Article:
2. UBI and political accountability

The poor will see UBI payments as a government commitment that they would hold politicians accountable for. Politicians will bear the costs of missed reforms if these mean less UBI for the poor, who will be incentivized to shift their votes. This would strengthen the so-called “short route accountability” of state politicians to the poor. In turn, politicians will be willing to put stronger pressure on bureaucrats to deliver on reform (enhancing “long-route accountability”).

3. UBI and political entrepreneurship at the centre

A carefully crafted reform-indexed UBI may prove to be just what a political entrepreneur at the Centre needs to push his/her reform agenda, by altering the electoral incentives for state and local politicians. State and local politicians would see the advantage of a reform-indexed UBI that allows them to build political capital among their poor constituents. The Central government could further incentivize politicians in reforming states by allowing them to capture an increasing share of the higher tax revenue that results from expansion of the formal sector.

4. UBI and interstate competition for the poor (and non-poor)

The Modi government has been hoping that states will compete with each other on reforms. The results so far have been disappointing. State politicians compete on providing freebies to their poor, rather than on reforms. A reform-indexed UBI, by incentivizing mobility from non-reforming to reforming states, may help bring about the hoped-for results.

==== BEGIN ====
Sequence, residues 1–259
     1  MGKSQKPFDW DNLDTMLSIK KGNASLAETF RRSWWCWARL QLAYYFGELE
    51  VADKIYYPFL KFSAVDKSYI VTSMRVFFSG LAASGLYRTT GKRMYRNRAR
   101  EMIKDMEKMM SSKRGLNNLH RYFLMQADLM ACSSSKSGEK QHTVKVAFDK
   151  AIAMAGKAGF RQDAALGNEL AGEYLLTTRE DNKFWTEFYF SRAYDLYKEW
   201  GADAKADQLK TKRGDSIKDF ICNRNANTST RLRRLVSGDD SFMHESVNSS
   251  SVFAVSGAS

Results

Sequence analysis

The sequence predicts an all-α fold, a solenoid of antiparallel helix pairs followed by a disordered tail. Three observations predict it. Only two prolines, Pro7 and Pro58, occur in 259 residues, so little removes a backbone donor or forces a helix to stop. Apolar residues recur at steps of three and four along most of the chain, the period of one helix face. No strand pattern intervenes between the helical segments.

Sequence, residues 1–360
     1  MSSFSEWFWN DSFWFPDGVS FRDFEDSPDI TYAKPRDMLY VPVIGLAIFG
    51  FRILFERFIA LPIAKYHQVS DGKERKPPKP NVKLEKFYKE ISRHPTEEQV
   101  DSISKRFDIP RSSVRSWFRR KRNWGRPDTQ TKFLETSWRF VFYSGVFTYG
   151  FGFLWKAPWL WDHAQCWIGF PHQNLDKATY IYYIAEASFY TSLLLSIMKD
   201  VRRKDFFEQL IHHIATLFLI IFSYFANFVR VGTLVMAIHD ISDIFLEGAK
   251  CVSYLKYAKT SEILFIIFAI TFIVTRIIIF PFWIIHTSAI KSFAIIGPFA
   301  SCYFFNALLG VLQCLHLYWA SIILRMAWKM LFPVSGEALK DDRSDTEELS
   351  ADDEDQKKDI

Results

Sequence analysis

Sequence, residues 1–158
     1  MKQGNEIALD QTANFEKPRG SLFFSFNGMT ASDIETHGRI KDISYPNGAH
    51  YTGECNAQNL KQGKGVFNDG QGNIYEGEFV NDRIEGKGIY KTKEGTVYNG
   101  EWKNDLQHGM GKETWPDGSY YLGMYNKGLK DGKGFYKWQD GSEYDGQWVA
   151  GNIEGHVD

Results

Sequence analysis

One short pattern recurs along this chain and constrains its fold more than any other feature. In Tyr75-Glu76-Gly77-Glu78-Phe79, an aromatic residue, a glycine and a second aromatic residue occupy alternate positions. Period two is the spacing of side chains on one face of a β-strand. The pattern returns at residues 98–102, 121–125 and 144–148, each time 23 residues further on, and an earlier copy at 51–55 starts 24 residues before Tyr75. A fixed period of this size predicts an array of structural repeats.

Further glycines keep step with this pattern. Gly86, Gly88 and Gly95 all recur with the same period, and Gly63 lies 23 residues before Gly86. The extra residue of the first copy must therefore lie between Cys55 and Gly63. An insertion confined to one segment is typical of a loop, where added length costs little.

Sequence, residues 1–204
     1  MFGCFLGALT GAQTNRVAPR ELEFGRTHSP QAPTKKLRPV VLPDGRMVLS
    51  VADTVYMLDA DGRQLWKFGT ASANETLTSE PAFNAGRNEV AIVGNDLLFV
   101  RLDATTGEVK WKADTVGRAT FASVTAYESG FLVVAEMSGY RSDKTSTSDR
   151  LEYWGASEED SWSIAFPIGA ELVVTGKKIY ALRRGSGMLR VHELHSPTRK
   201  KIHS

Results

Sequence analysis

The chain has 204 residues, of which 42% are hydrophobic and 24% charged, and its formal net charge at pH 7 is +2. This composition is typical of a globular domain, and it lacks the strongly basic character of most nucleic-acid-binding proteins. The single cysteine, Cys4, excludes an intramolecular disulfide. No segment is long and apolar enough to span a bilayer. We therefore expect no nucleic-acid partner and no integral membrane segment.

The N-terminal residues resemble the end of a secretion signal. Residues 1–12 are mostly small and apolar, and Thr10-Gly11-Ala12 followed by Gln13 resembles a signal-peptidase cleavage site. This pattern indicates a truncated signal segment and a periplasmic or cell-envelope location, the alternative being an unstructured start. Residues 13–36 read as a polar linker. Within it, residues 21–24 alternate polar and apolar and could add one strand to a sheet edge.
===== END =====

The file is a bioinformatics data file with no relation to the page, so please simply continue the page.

The success of the above reform-indexed UBI reform programme is not assured. It will depend on political initiative, effective messaging, and implementation. The context for a UBI in India is very different from that faced in more developed countries, where a valuable natural resource (e.g. oil in Alaska) or a highly advanced productive sector (e.g. high-tech industry in the US) may be leveraged to sustain a UBI. In contrast, the value of a UBI for India has to be evaluated in terms of creating the conditions for its own redundancy—by enabling the poor in India to step out of the “low-reform, low-income trap”.

Nimai Mehta is academic director of the global economics & business program at the American University.